Bob Trevan
October 2, 2012
Three of Bob's cars
1906 Model K Number 2 - 1904 Model AC Number 726 - 1906 Model N Number 132

June 12, 2012
This is a 1908 ''K'' #882. Picture possible taken soon after being found in 1948.
You may note how far back the front seat is . The rear of the front seat is 2ft from the rear chassis cross member This cross member is the end of the chassis and is situated in front of the rear seat. The remaining body structure over hangs the chassis rear ward at the cross member. Thus the door catch is designed with a hook built in it to stop the door coming open when rear sear is loaded with passengers.

March 28, 2011
Appears to be a brand new Model K

July 10, 2008
News Story - "Good Old Days"

May 12, 2008
Forbes Tour with Bob & Beth

March 23, 2008
AC #486 owned by Colonial Motors in Wellington, NZ

February 28, 2008
Breather Idea from Bob
'N' owners may wish to increase the crankcase breathing on your car together with having a dipstick.
I obtained this item from a 1950's era Ford D series English designed truck which I think was also marketed in the USA. I modified the top section to ake a Model T breather cap but as you can see it fits perfect and helps the crankcase breathing greatly.

October 6, 2007

1908 Pre-production Ford # 2439 with Edsel Ford II behind the wheel

1906 Model N Ford # 132

In 1954 I was first apprenticed as a mechanic into the family’s Ford Dealership which was commenced by my father in 1910. From the outset there was a strong desire to see what this car called a Model “T” was all about….. and so began a relationship with the “T” and old cars that is still very strong to this day.

Having got myself a Model “T” by the age of 16 I soon had it restored and was rallying it locally. However it soon became obvious that a “black iron” 1923 “T” did not rate amongst the local European car owners in the club, but apparently a brass era “T” would pass the test. So I thought that if it was going to be a brass “T” then it may as well be the rarest. The word went out and I soon had a reply that the remains of a 1909 T Roadster #9982 were for sale.

Once purchased then began the world wide search for the usual hard to get missing parts. Naturally this can go on for years (and it did) but during that time I managed to obtain the remains of 3 x 1910 “T’s” and whilst doing the 1909 roadster restoration I also worked on the 1910s. By the early 1970’s I had restored the four cars but had to sell them off gradually to keep the coffers in order.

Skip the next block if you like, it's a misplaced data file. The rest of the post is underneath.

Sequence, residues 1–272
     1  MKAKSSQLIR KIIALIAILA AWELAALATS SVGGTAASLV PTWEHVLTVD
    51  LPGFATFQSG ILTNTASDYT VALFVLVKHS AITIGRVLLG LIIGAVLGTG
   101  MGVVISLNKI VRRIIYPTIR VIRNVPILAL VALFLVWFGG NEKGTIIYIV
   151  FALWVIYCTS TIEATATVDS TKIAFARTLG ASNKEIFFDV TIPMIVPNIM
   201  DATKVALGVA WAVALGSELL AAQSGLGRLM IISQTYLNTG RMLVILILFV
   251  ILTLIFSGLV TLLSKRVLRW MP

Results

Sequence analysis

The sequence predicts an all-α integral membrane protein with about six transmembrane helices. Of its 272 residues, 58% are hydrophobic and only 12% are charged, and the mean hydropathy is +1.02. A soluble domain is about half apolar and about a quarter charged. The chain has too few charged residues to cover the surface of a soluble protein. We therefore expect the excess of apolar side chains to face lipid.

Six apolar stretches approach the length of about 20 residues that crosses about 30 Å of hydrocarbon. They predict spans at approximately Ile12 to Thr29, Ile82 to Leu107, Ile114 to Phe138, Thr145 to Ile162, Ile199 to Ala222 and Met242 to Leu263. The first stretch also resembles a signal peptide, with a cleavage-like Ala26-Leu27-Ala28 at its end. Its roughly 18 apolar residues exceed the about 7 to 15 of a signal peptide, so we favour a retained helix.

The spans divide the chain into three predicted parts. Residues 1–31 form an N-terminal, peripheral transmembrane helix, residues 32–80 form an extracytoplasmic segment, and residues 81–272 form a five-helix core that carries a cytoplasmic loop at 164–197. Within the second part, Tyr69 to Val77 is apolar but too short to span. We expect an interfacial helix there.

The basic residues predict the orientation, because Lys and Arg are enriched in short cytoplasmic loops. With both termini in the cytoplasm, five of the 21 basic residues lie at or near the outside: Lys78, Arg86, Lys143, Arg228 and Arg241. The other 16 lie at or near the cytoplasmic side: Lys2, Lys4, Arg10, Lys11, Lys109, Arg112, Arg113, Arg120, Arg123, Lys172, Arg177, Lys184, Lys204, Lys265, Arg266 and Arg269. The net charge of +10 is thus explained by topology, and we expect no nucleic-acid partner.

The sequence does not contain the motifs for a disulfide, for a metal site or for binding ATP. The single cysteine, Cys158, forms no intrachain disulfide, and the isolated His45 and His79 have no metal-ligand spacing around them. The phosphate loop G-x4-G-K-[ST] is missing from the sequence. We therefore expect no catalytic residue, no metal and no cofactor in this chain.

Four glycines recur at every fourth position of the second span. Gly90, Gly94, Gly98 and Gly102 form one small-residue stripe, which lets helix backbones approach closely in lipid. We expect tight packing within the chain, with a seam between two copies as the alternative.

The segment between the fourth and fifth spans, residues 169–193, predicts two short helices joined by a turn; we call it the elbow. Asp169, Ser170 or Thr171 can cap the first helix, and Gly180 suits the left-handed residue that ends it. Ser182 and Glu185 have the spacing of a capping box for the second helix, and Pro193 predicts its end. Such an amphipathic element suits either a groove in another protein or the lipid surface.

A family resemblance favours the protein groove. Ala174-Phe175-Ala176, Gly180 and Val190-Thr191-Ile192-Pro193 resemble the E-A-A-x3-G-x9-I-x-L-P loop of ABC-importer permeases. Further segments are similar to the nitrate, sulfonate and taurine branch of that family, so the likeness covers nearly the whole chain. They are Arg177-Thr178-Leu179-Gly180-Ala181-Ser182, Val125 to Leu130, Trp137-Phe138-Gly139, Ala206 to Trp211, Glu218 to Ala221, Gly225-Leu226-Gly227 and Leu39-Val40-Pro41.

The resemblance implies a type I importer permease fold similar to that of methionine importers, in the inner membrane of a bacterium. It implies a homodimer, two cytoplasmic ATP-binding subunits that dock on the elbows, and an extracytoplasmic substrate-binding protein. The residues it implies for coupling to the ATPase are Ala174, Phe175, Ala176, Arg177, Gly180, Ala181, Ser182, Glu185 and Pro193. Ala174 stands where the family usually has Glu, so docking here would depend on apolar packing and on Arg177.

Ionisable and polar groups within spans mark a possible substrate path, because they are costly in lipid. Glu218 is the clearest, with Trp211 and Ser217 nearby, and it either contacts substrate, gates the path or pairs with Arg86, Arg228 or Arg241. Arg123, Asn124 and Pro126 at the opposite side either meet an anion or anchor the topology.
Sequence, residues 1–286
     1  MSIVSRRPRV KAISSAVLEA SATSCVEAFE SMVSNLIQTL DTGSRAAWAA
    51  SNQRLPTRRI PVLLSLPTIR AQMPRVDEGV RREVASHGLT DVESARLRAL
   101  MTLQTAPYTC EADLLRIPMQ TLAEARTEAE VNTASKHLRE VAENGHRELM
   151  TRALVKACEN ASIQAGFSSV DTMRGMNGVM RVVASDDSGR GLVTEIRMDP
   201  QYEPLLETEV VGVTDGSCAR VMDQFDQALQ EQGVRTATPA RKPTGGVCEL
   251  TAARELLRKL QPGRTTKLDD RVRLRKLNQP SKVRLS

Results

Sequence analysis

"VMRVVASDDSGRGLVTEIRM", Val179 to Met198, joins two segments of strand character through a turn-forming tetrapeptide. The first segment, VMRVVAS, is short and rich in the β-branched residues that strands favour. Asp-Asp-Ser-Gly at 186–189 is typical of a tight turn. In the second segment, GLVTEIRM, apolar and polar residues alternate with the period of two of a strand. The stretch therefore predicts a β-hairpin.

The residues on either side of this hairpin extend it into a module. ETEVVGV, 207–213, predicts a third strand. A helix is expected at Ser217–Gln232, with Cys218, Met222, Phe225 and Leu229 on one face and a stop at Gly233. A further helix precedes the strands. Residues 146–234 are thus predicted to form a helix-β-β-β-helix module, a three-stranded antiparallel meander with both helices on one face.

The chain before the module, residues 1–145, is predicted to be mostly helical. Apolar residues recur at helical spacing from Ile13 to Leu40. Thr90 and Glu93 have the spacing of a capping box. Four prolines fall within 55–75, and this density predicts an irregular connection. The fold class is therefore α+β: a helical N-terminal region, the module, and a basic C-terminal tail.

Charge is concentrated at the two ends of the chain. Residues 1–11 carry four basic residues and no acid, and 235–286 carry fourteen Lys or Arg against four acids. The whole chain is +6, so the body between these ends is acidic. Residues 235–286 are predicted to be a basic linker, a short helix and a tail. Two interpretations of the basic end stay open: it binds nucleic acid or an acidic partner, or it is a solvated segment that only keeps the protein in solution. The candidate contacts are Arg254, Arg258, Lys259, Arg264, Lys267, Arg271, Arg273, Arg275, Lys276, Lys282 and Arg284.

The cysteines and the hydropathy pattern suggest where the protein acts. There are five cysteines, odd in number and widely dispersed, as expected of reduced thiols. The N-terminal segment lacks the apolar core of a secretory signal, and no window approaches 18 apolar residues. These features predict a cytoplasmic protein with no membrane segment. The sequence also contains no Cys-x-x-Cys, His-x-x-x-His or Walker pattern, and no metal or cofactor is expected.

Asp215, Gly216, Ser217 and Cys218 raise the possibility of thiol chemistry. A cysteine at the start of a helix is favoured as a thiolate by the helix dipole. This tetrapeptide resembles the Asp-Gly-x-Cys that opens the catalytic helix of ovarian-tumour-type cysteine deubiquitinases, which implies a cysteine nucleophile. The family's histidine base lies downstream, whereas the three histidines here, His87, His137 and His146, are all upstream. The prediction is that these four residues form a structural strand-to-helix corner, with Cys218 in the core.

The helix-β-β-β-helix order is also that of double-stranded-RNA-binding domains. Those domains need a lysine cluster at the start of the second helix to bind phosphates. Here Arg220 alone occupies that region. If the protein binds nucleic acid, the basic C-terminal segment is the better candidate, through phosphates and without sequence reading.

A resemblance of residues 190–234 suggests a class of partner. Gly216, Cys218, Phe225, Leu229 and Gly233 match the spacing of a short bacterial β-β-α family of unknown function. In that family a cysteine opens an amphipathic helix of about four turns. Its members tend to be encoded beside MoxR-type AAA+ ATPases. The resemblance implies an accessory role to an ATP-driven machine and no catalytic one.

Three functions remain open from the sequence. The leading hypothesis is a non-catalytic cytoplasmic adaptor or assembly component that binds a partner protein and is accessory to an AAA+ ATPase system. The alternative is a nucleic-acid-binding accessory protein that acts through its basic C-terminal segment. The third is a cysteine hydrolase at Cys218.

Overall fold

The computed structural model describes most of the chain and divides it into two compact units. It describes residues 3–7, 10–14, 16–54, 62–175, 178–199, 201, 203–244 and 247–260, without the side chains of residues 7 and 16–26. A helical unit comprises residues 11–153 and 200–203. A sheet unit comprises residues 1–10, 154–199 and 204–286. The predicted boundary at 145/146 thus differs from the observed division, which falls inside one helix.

Then suddenly the word was out that the remains of a 1909 pre production “T” had been unearthed by a bulldozer whilst doing an excavation on a new subdivision in Sydney. Naturally it was a case of “must have” that did take some time and that is a separate interesting story on its own.

On receipt of the remains # 2436 I soon realised how different this car was to the regular production “T”. In fact there were so many changes the production T could well have been called a “U”. Much time and money was spent to have the car ready for the major Ford Motor Company Australian 50th anniversary celebration in 1975. This event was attended by Edsel Ford II and he rode in and was photographed in the car as shown above.

In the early 1980’s word came through that the remains of a 1906 N were available. So off I went again into another major restoration on “N” #132. That certainly opened up a whole new world of contacts (such as Glenn Rand) who helped me considerably along the restoration course. Apart from being not quite as comfortable as the “T” it was so simple and easy to drive that in 1988 I gave it to my then 17 year old daughter to drive some 900 miles on its inaugural run in an Australian held International rally whilst she was still a learner licence holder.

As time went by and cars were still being restored and sold, in the year 2000 the news came that the bare bones of a Ford “K” had been found just 400 miles from where I live. Again this was a case of just “had to have” and so I acquired “K “ # 2. Logic said, however, that this car should never have been attempted to be restored. But hell…. when does logic come into a car so rare....especially when it may well have been one of the first three “K’s” produced in readiness for the Ford Motor Company to show the world at the New York Motor Show in early 1906.

What a project it turned out to be – apart from two trips to the Ford Archives in Detroit, plus the meeting of a whole new bunch of people who knew about and/or owned “K’s” who again helped me no end. Some even came to Australia (eg Cecil Church) to really be convinced that it could be “K” # 2.

Since completing the restoration in January 2005 it has been driven in two major rallies – one being some 800 miles. As much as I tried to eliminate the well known weak points in the car during the restoration, I can assure you it’s still a case of “man against machine” with all the idiosyncrasies of the 6.8 ltr engine and undersized planetary transmission causing their usual problems.

Much as I said I would never do another restoration, in 2004 I got the nod of “yes, it’s your car” on a 1904 Ford Ac that I had patiently pursued right here in Australia for what seems to have been forever. This restoration was a snack as the car was all there but only in a dismantled state. What a great car it has turned out to be (“bullet proof” could best describe it) and I thank Henry Ford and the Dodge Bros every time I drive it!! >br>
Bob Trevan

1904 Model AC Ford # 726

1906 Model K Ford # 2

December 30, 2006

December 28, 2006

July 2006 (some how these didn't get posted before, sorry).

April 17, 2006

Revised: 10/02/12 © 2007 Early Ford Registry   All rights reserved.